Here are the biggest three questions Americans deserve to know about the incompetent management and craven politics behind the Affordable Care Act:
1. What did President Obama know (and why didn’t he know more) about the broken website? The $400 million-plus online marketplace fueling his signature legislative achievement is a bust. Its failure threatens to undermine the public’s confidence in Obamacare, which could dampen sign-up rates and undercut the goal of providing affordable health care to 40 million Americans. The site launched despite internal warnings that it was not ready. When did the president realize his site was a joke?
In “the first couple of days” after the site went live Oct. 1, Health and Human Services Secretary Kathleen Sebelius told CNN.
“But not before that?” CNN’s Dr. Sanjay Gupta asked.
“No, sir,” she replied.
That is either a lie, which would be unforgivable. Or it reveals an unfathomable lack of oversight. For a breakdown of this magnitude to go undetected by Sebelius and her boss, there must be severe gaps in the management systems of the Obama administration that any first-year MBA student could ferret out. Even Democrats are asking, how could they let this happen?
2. Why wasn’t Jeffrey Zients brought in months ago? The White House announced Monday that the former acting director of the Office of Management and Budget will oversee the effort to fix the site. Zients, who also served as the White House’s first chief performance officer, is an accomplished manager and trouble-shooter, the perfect talent to oversee the launch of a historic health care plan before it hits the skids. Sebelius didn’t do her job, but still has one. What signal does that lack of accountability send to other leaders inside the Obama administration? What does it tell uninsured Americans about the president’s ability and determination to implement his law?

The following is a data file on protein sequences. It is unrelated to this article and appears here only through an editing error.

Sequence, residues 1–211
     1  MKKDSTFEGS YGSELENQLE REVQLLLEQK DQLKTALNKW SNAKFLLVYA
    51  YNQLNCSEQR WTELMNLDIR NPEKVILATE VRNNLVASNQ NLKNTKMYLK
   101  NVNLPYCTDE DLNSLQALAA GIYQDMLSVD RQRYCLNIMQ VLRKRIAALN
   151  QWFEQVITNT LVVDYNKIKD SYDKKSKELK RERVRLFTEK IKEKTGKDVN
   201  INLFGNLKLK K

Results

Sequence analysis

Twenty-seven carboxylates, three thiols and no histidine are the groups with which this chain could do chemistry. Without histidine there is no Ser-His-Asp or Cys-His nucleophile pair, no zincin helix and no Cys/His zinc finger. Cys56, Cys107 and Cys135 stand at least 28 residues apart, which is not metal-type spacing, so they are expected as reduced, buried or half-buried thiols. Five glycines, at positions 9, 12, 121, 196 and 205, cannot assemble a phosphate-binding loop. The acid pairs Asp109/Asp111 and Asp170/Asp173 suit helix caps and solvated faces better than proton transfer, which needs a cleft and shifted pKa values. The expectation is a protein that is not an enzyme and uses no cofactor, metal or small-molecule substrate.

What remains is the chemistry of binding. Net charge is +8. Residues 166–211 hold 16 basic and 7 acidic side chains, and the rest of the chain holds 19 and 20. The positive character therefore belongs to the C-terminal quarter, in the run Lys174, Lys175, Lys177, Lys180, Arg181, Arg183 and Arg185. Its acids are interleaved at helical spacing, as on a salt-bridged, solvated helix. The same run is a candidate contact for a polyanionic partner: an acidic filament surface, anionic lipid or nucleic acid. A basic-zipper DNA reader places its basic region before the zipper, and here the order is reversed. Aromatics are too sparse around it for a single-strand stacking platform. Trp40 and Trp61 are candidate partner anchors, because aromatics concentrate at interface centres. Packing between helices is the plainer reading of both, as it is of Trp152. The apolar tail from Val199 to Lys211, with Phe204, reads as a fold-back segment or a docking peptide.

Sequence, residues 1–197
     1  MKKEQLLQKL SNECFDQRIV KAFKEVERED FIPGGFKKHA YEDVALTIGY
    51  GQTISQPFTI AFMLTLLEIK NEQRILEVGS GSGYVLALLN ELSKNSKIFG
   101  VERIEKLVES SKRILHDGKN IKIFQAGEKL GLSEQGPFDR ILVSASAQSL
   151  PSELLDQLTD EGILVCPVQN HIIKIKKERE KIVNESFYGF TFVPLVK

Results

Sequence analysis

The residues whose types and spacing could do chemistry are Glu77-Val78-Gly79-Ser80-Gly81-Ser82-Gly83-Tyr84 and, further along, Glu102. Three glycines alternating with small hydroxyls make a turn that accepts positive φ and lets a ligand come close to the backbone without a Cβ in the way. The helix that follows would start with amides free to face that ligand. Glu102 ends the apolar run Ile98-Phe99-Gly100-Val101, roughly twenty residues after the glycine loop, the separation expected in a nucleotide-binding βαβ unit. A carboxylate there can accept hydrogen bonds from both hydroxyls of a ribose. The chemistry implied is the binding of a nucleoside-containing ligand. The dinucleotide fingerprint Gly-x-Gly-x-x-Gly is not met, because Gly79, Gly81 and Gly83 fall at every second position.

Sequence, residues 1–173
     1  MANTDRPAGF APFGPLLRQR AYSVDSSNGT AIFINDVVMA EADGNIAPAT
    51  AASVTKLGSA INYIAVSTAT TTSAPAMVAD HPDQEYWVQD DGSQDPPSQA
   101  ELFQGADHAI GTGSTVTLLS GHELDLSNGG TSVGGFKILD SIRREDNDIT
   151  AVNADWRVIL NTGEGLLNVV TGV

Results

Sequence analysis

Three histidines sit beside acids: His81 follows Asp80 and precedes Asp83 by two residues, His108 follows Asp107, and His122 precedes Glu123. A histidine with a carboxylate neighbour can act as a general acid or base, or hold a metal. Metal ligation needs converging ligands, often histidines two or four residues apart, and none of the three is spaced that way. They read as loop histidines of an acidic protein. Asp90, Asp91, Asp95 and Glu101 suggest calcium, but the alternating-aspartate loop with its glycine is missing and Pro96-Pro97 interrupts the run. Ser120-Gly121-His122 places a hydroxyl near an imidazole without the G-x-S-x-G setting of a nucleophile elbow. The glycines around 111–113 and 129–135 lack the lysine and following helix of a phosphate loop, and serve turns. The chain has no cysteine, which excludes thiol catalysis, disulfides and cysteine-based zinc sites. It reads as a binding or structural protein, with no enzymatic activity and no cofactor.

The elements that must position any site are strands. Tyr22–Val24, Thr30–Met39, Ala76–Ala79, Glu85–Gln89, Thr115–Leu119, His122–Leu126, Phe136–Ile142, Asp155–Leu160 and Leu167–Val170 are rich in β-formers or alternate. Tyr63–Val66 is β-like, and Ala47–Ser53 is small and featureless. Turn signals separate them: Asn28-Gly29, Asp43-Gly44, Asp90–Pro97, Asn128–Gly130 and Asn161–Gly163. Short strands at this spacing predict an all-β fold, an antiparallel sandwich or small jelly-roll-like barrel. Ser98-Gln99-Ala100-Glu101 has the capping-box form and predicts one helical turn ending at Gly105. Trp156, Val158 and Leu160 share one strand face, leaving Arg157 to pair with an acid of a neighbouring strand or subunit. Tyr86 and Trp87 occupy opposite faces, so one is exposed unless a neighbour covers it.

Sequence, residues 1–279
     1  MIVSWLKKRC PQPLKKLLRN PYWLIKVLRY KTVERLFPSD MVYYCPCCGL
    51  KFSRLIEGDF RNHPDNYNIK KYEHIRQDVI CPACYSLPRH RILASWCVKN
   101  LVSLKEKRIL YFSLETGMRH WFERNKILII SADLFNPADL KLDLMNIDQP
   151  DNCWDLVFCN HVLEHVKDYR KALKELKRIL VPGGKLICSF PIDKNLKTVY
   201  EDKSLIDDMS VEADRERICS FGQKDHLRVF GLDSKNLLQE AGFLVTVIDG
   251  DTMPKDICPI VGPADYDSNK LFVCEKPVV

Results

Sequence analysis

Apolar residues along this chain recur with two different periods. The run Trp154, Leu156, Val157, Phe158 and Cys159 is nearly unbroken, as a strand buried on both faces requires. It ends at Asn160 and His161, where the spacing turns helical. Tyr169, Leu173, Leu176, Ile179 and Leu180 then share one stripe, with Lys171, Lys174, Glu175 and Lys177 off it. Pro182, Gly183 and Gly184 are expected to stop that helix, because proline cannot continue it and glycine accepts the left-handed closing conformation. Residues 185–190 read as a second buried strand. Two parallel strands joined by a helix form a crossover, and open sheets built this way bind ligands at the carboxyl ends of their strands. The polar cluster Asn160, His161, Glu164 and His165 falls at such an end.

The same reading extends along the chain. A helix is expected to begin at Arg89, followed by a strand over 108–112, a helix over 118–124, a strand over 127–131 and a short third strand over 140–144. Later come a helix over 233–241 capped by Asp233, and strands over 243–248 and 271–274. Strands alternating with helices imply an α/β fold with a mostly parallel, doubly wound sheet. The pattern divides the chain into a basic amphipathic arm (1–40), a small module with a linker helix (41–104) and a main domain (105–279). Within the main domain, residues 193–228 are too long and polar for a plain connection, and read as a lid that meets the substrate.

3. Why are Republicans playing politics with Obamacare? For the act to benefit the largest number of uninsured Americans, states must expand Medicaid coverage to anyone who earns up to 133 percent of the federal poverty level in 2014, which is $15,282 for a single person this year. The U.S. Supreme Court allowed states to opt out of the provision. Determined to undermine the bill and deal Obama a political blow, Republican governors and legislators have refused to accept the federal dollars that would finance it. Millions of low-income Americans, mostly in the South, will remain uninsured, victims of zero-sum gain politics.
This week, Ohio Gov. John Kasich became the tenth Republican governors to defy his party and expand Medicaid, going against his Republican-led legislature. “I believe [expanding Medicaid] is a matter of life and death,” Kasich told the Cincinnati Enquirer in July. “It’s going to happen. It’s just a matter of when.” He’s right. His Medicaid-denying colleagues are wrong.
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"American spies collected information last summer revealing that senior Russian intelligence and political officials were discussing how to exert influence over Donald J. Trump through his advisers." The conversations centered around Paul Manafort, who was campaign chairman at the time, and Michael Flynn, former national security adviser and then a close campaign surrogate. Both men have been tied heavily with Russia and Flynn is currently at the center of the FBI investigation into possible collusion between the Trump campaign and Russia.
"Former FBI Director Robert Mueller has been cleared by U.S. Department of Justice ethics experts to oversee an investigation into possible collusion between then-candidate Donald Trump's 2016 election campaign and Russia." Some had speculated that the White House would use "an ethics rule limiting government attorneys from investigating people their former law firm represented" to trip up Mueller's appointment. Jared Kushner is a client of Mueller's firm, WilmerHale. "Although Mueller has now been cleared by the Justice Department, the White House may still use his former law firm's connection to Manafort and Kushner to undermine the findings of his investigation, according to two sources close to the White House."
Senate Intelligence Committee chairman Richard Burr (R-NC) and ranking member Mark Warner (D-VA) will subpoena two businesses owned by former National Security Advisor Michael Flynn. Burr said, "We would like to hear from General Flynn. We'd like to see his documents. We'd like him to tell his story because he publicly said he had a story to tell."